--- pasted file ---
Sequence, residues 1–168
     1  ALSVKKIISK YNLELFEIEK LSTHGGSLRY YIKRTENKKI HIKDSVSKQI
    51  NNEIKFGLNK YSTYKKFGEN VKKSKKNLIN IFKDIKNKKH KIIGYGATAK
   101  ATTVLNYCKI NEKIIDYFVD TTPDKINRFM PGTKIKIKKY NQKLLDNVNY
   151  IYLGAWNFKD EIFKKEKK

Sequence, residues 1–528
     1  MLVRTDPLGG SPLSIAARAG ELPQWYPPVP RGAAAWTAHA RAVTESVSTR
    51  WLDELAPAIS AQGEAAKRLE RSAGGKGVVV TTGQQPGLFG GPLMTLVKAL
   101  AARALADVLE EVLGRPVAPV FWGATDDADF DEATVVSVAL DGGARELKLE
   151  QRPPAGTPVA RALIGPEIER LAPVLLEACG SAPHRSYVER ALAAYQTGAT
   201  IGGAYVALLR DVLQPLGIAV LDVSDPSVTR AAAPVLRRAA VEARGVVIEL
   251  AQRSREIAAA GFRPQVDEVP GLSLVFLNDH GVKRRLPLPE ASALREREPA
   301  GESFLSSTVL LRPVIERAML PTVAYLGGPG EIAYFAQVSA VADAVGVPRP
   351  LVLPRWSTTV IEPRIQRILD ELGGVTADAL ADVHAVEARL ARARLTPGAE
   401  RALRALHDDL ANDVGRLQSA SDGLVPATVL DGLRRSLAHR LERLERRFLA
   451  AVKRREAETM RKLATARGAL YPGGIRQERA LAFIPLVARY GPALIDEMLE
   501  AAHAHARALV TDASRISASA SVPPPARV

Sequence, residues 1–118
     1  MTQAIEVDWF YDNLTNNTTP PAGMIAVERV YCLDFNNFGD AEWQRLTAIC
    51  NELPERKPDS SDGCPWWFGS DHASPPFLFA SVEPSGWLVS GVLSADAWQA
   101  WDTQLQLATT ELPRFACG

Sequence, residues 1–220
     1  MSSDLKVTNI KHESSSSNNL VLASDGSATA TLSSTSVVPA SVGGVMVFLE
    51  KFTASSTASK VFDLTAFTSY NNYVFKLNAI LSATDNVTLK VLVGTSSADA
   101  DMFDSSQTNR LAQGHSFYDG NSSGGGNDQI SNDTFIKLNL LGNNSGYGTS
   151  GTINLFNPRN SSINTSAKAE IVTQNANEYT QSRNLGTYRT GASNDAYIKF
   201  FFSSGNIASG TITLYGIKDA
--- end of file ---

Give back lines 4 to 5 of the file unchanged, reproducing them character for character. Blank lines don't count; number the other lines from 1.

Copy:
   101  ATTVLNYCKI NEKIIDYFVD TTPDKINRFM PGTKIKIKKY NQKLLDNVNY
   151  IYLGAWNFKD EIFKKEKK